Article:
Dr. Stephen Hicks of the University of Oxford has created smart glasses that use simple visual images along with descriptions of nearby signs to help the blind navigate. (Source: Dr. Stephen Hicks/University of Oxford)
it is fascinating how quickly these technologies are moving, Habib. I also am really encouraged by the advancements in curing blindness. Lasik surgery itself seemed like a massive innovaiton but to cure total blindness would be something else entirely!
I remember watching a TED talk sometime back where they were working on the development of a prosthetic eye. When a human eye sees an image, the retina (photoreceptor cells) converts the image into a code in the form of electrical pulses and the brain reads this code and is able to draw the image. Usually in blindness the front end receptor cells lose their function while the optic nerve is still capable of transferring the electrical signals to the brain. So they tried mimicking the function of the retina. They were able to generate the correct electrical pulses from the image but the task that remained was to successfully transferring these signals to the optic nerve. The rapid advancement that is taking place in the medical field, in my opinion, it won't take long before we are successfully able to overcome the problem of blindness.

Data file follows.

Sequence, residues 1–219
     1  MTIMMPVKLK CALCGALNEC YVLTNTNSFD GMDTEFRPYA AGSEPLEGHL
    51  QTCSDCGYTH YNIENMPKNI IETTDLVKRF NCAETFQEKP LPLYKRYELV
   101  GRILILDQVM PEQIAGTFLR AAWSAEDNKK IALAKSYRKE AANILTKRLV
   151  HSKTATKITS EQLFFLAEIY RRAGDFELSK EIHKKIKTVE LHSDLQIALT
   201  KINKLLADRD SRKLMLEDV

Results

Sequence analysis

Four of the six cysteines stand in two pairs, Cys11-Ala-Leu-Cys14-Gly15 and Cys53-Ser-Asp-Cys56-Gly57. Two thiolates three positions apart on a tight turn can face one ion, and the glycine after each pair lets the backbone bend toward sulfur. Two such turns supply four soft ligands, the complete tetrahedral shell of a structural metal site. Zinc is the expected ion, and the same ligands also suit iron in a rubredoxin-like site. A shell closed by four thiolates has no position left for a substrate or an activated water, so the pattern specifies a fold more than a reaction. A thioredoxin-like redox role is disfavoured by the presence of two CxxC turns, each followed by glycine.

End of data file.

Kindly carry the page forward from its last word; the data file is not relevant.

I forgot to include this link in my previous comment--it's an article I wrote about one of the new artificial retinas that are helping people regain sight: http://www.designnews.com/author.asp?section_id=1386&doc_id=268160
I agree, Rob, this is great. I've done some articles on new artificial retina technology that is equally impressive. Technology advancements to cure human limitations or diseases are seriously impressive at the moment. They will one day make a lot of incurable things that plague people now not such a big deal in the future.
The first Tacoma Narrows Bridge was a Washington State suspension bridge that opened in 1940 and spanned the Tacoma Narrows strait of Puget Sound between Tacoma and the Kitsap Peninsula. It opened to traffic on July 1, 1940, and dramatically collapsed into Puget Sound on November 7, just four months after it opened.
Noting that we now live in an era of “confusion and ill-conceived stuff,” Ammunition design studio founder Robert Brunner, speaking at Gigaom Roadmap, said that by adding connectivity to everything and its mother, we aren't necessarily doing ourselves any favors, with many ‘things’ just fine in their unconnected state.
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